I created a Library called Tanzu-VMs and added two templates, CentOs and Ubuntu, I used a prefix to help find it easier and distinguish them from the images to Tanzu Kubernetes Cluster.


 

Now that the requirements are ready it’s time to allow developers to consume those resources. 

 

That’s when the governance comes in place, allowing the operator to adjust the guardrails on a Namespace basis, like specifying which VM Class to each Namespace to avoid the creation of bigger VMs not suitable for the environment or the use of only approved OS images.

 

Select the desired Namespace, you will see a new widget, VM Service;

 

Click on Manage VM Classes to select what classes you want developers to have access to.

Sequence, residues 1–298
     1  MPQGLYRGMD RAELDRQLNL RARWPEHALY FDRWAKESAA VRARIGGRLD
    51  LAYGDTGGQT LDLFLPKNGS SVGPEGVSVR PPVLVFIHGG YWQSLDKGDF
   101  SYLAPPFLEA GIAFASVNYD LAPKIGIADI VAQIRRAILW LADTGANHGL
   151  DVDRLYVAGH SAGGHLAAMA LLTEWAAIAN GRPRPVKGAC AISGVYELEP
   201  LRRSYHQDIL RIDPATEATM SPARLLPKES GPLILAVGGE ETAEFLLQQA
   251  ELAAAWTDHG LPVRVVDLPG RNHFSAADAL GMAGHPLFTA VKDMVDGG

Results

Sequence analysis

Now click on Add Content Library, and select the Library with the Tanzu images you want developers to have access to.

 

 

At this point developers are ready to create Virtual Machines as part of their deployments, stay tuned next post I’ll show you how developers can consume this new service.

 

See you soon.

Who am I

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I’m an IT specialist with over 15 years of experience, working from IT infrastructure to management products, troubleshooting and project management skills from medium to large environments. Nowadays I'm working for VMware as a Consulting Architect, helping customers to embrace the Cloud Era and make them successfully on their journey. Despite the fact I'm a VMware employee these postings reflect my own opinion and do not represents VMware's position, strategies or opinions. Reach me at @dumeirell